The U.S. at a glance ...
Conflicting abortion decisions: Ohio Gov. John Kasich this week vetoed a controversial bill that would have banned abortions as early as six weeks, while on the same day signing another restrictive law banning abortions after 20 weeks. The six-week “heartbeat bill” outraged prochoice activists when it was passed by the Republican-led legislature last week, after being tucked into separate legislation on child abuse prevention. It would have prohibited abortions as soon as a fetal heartbeat can be detected—and before many women even know they are pregnant. Kasich said that the heartbeat bill was “clearly contrary to the Supreme Court’s current rulings on abortion,” and that he did not want to subject Ohioans to a costly court battle defending it. But he approved a 20-week abortion ban with no exceptions for rape, incest, or fetal anomaly. A recent Washington Post poll showed that 56 percent of Americans supported shortening the window for abortions from 24 weeks to 20.
Elderly man killed: A police officer fatally shot an unarmed 73-year-old man with dementia in Bakersfield this week, after responding to a 911 call from a neighbor who mistook the man’s wooden crucifix for a gun. The unnamed neighbor called police after Francisco Serna approached her as she was unpacking her car and asked her if he could get inside her vehicle. Serna had one hand in his pocket, police said, which the woman noticed contained a brown-handled object that she took to be a gun. Arriving on the scene, Officer Reagan Selman shot Serna when he ignored the officer’s requests to remove his hands from his jacket. When police searched Serna’s body, they found no weapon, but recovered a wooden crucifix. Serna’s family said he had recently shown signs of dementia, including delusions, and that police had visited his home when he activated a medical alarm.
Electors demand info: In a last-ditch bid to stop Donald Trump from moving into the White House, the Clinton campaign this week backed a bipartisan group of Electoral College members who have demanded they receive an intelligence briefing before they officially pick the next president on Dec. 19. At least 54 Democratic electors and one Republican elector have requested information from Director of National Intelligence James Clapper ahead of next week’s vote, following reports that the CIA believes Russia hacked Democratic organizations to help Trump win the election. “Electors have a solemn responsibility under the Constitution,” said former Clinton campaign chairman John Podesta, “and we support their efforts to have their questions addressed.” A handful of “faithless electors” from states that Trump won have also vowed to vote for someone else, though they do not have the votes to flip Trump’s Electoral College majority.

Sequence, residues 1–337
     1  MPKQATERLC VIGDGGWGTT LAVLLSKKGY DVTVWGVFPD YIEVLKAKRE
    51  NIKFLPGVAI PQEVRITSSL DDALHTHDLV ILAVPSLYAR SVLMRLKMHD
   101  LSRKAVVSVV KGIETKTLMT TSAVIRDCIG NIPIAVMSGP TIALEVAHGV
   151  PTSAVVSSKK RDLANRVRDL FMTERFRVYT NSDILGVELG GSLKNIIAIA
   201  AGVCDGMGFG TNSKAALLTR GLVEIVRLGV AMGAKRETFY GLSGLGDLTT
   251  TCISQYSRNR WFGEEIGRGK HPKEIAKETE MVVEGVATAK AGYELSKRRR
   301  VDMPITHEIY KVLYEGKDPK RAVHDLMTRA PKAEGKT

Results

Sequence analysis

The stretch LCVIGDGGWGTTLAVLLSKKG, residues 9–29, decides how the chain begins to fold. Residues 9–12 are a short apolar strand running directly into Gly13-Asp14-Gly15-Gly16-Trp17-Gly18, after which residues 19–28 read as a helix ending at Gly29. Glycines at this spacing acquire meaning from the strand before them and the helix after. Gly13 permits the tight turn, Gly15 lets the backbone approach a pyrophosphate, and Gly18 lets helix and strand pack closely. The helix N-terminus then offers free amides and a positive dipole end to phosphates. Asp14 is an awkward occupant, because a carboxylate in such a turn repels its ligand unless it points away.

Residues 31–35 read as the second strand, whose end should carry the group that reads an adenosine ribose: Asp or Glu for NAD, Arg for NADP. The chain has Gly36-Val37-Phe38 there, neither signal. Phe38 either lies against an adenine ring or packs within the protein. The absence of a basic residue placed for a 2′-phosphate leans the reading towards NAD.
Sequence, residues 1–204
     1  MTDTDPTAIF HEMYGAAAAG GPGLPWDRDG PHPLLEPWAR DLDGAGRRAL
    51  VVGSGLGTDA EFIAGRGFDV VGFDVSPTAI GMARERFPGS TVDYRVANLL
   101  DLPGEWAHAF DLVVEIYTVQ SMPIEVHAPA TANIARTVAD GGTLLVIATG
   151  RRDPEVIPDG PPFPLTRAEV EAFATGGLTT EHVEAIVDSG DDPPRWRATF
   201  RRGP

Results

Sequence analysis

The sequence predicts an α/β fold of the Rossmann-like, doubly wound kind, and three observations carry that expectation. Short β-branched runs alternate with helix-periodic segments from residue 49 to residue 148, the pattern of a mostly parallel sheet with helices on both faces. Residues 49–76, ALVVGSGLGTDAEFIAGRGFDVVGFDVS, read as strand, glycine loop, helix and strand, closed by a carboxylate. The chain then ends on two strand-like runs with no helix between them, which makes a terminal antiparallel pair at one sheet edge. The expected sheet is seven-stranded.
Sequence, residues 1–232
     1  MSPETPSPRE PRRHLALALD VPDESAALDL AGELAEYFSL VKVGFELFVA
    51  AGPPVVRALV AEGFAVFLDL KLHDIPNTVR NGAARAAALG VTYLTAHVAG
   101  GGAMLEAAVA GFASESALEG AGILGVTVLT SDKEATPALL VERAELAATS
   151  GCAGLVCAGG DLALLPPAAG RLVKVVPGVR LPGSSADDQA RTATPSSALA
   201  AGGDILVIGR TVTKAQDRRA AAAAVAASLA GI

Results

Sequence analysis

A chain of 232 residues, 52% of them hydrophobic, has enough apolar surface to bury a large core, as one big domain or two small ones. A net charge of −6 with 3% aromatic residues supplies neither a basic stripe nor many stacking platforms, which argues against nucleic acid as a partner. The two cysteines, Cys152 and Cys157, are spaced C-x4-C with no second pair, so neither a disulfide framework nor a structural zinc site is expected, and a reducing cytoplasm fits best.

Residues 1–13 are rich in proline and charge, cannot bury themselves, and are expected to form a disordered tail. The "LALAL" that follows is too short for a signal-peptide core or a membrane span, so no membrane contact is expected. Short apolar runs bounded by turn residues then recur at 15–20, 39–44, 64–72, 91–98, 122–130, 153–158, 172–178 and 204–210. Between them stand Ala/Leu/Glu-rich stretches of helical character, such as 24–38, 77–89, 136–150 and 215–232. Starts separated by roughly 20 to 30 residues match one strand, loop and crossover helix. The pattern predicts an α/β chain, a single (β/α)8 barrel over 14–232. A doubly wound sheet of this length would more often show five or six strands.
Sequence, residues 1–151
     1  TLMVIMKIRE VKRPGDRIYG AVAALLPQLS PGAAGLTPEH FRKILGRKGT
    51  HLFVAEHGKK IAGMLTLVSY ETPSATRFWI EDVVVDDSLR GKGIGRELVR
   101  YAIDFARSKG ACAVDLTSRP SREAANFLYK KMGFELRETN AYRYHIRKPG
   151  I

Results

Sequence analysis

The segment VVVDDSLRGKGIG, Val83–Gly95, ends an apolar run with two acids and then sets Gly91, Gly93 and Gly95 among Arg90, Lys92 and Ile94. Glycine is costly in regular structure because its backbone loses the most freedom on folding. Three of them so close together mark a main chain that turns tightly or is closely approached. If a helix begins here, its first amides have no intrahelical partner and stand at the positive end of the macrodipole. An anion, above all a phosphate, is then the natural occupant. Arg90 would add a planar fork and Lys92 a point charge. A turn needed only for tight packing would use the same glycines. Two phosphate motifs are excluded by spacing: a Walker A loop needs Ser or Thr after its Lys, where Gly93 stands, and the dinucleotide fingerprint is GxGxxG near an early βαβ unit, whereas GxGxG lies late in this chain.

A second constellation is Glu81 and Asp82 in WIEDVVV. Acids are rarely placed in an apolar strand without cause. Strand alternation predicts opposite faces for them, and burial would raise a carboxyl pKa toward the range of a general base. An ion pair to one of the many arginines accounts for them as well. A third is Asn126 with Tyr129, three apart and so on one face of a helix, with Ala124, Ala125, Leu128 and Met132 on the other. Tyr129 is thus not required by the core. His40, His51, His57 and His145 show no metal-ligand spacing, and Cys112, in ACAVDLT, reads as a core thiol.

Botched execution? An inmate on Alabama’s death row coughed and heaved for 13 minutes during his lethal injection this week, hours after the U.S. Supreme Court deadlocked 4-4 over whether to halt his execution. Ronald Bert Smith Jr., 45, was convicted in 1995 for the fatal shooting of a store clerk. The jury recommended life in prison, but the trial judge overrode them and sentenced Smith to death. Because Alabama is the only state that still allows judges to make such a ruling, Smith asked the Supreme Court to stay his execution; separately, his attorneys argued that the sedative Alabama uses in its lethal injection cocktail—believed to be midazolam—doesn’t render an inmate sufficiently numb before two other drugs are administered to stop the person’s breathing and heart. Witnesses of Smith’s execution at the Holman Correctional Facility in Atmore said he repeatedly struggled for breath and coughed after being given the sedative. He was declared dead after 34 minutes.
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Trump’s business conflicts: Presidentelect Donald Trump this week postponed a major announcement about how he plans to handle his business operations while in the White House—saying he would delay the promised press conference until just before his inauguration. Trump faces unprecedented conflicts of interest over his sprawling business empire, which includes more than 500 closely held corporations and dozens of foreign business partners who could profit from decisions Trump makes while in office. Ethics watchdogs have urged Trump to sell his entire stake in the Trump Organization and place his assets in a blind trust run by an independent administrator. Trump later tweeted that he would leave his businesses before Jan. 20, and that his sons Donald Trump Jr. and Eric Trump would manage them along with executives. “No new deals will be done during my term(s) in office,” Trump added.
Church massacre trial: Jurors this week heard Dylann Roof calmly confess to gunning down nine black parishioners at a Charleston church, part of video testimony played in court as Roof’s federal death penalty trial got underway. In the footage, taken during an interview with FBI agents days after Roof, 22, allegedly carried out the massacre at Emanuel AME Church in June 2015, Roof explained how he spent about 15 minutes during the prayer session deliberating whether to carry out his attack, before pulling out a Glock .45-caliber pistol and opening fire. “I had to do it because somebody had to do something,” Roof told the FBI agents. “Black people are killing white people every day on the street, they are raping white women.” During the trial’s opening arguments, shortly after prosecutors described the massacre in graphic detail, Roof’s mother suffered a heart attack inside the courtroom—mouthing “I’m sorry” as she collapsed onto the floor.